Ah, the superhero female.

I remember seeing Wonder Woman spin round on the screen, when I was a girl, transforming into a scantily-clad-yet-hard-as-nails force for good, with her golden lasso and perfect curls. She was my grandfather's favourite.

And it's easy to see why!

Comic books, a genre whose audience has classically been overpopulated with boys and men, has included female characters – and even female superheroes – for decades now. But they've had a rather unique way of making women welcome in their genre: namely, by styling them for the male gaze.

Once you realise that's a thing, you see it everywhere. Advertising. Film. And especially comics and gaming.

Indeed, when I went to Blizzcon 2010, to celebrate my love of MMORPG World of Warcraft, there wasn't much of a queue for the ladies. And then, of the women present, many of them were in 'cosplay' – dressed in incredibly skimpy outfits. I walked up to one of them who was an absolute perfect blood elf, posed next to her in my long camouflage trousers and black jumper, and was surprised to notice lots of dudes taking our photo, besides the one I'd handed my camera to. 

Now, that's just weird.

Why am I telling you this?

Because there's a difference between being invited and being included. There's a difference between just being present and being truly welcome. 

I loved the story of illustrator Sara Alfageeh who pushed right back when she spotted Marvel's Niqabi X-Men character Dust, being depicted as a very sexualised version of an Afghan woman. She decided to take matters in to her own hands and redraw Dust in a way that made her feel empowered – as a Jordanian-American who wears a hijab. 

The results? Much better. The online Muslim community says so and frankly, as a non-Muslim, Alfageeh's idea of what female empowerment looks like in comic format is a lot closer to how I would like to see myself. I'd quite like to see her redraw ALL of them.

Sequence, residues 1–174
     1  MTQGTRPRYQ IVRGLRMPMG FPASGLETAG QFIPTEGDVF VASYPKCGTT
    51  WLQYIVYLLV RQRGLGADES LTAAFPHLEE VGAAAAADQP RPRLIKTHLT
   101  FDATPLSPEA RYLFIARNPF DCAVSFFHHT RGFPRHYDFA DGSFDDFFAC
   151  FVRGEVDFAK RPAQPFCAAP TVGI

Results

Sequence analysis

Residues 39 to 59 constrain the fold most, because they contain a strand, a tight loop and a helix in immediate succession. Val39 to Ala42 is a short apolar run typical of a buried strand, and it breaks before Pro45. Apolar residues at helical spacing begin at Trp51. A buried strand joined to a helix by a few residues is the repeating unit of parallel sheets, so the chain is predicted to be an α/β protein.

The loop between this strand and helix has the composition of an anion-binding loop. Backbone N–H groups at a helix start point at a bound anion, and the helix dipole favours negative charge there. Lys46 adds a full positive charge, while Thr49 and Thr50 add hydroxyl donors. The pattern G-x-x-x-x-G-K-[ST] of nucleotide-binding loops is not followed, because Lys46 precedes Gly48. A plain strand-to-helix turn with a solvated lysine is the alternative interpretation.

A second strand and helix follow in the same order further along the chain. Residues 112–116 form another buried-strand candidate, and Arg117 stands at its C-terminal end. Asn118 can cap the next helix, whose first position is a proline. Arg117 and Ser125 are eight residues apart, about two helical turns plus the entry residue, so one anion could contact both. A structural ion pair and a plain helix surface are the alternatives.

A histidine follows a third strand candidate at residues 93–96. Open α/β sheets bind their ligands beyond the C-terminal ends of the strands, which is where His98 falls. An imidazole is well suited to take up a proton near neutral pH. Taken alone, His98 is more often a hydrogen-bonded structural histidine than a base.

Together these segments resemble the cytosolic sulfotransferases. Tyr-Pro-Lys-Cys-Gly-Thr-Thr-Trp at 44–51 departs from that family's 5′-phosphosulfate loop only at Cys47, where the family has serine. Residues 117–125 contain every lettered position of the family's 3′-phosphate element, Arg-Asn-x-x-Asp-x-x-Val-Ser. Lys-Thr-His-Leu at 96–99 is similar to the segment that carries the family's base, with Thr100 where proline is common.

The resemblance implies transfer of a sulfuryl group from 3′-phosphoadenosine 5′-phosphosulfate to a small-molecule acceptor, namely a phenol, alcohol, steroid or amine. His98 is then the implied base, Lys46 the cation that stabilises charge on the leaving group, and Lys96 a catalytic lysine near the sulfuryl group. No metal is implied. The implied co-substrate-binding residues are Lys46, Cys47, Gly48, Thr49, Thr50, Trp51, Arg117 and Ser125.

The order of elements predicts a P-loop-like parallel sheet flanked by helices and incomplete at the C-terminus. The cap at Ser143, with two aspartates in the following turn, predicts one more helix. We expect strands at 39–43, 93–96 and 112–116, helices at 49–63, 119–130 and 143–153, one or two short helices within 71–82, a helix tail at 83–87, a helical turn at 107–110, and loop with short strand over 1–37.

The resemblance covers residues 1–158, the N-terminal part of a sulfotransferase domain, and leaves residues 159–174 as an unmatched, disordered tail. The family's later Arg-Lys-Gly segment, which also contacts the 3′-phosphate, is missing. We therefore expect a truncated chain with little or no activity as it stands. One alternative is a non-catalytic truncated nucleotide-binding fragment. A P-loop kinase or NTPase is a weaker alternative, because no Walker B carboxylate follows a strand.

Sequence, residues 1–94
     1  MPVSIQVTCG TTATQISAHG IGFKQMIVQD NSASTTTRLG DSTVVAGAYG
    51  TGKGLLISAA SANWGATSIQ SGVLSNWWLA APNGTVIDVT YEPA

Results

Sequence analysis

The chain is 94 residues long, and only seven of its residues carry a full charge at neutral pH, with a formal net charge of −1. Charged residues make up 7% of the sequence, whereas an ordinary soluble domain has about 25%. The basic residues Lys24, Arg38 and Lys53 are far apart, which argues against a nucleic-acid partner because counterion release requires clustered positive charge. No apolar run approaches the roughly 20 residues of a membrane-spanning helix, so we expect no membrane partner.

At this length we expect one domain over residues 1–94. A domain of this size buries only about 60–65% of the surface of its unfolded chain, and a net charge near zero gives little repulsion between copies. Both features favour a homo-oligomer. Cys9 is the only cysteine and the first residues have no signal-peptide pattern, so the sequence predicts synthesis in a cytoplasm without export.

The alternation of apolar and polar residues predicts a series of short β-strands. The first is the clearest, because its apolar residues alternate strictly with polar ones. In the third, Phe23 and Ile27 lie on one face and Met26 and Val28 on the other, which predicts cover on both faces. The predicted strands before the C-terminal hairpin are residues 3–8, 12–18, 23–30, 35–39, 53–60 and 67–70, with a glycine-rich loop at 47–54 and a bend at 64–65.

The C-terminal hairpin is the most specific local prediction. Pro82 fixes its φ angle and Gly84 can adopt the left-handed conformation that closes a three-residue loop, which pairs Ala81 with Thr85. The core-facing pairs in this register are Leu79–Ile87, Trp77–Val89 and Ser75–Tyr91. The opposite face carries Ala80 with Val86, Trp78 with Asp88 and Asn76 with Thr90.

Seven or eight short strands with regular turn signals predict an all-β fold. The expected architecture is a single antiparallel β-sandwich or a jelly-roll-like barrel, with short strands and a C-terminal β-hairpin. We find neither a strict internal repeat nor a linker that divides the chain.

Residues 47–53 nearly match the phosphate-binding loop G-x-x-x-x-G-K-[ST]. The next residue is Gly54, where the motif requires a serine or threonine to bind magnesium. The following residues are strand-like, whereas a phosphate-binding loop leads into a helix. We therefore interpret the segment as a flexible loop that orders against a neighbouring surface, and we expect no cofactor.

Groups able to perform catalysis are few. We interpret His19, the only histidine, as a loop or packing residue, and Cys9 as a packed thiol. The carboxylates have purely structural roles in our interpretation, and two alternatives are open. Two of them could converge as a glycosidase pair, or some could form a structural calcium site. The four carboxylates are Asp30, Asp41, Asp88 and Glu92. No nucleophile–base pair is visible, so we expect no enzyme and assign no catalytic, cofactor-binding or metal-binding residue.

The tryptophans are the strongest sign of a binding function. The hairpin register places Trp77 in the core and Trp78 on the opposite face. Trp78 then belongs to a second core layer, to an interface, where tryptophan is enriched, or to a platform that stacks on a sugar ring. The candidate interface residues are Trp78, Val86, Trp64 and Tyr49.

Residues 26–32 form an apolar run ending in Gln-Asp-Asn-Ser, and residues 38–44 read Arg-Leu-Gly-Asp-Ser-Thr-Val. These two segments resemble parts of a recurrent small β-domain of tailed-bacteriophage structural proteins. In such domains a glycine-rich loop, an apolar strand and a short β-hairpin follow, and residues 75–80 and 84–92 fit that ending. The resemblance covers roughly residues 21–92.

We may invite women in to our comic books, but we kindly ask that their boobs defy gravity while they save the world. And that they wear latex. Even if they're niqabi.

We may also invite women, or black people, or people with a disability, into our boardrooms – and what do we ask of them there?

Do we welcome women, as long as they contribute their emotional intelligence and empathy?

Do we allow people from underrepresented groups in, as long as they play their part in establishment power structures?

And - toughest question of all - does that then mean that we become satisfied that we've done our bit for inclusion when actually, we are using underrepresented people to reinforce oppressive structures?

It's important to include people that you are representing in the design process. I wrote about this previously in addressing the concept of 'inspiration porn' and the use of disabled models in runway fashion shows, without including them in the creation process.

Wherever you are depicting a certain group, for whatever reason, the best thing you can do to be inclusive is to actually include them. Not just as a part of the story. But as architects of the story.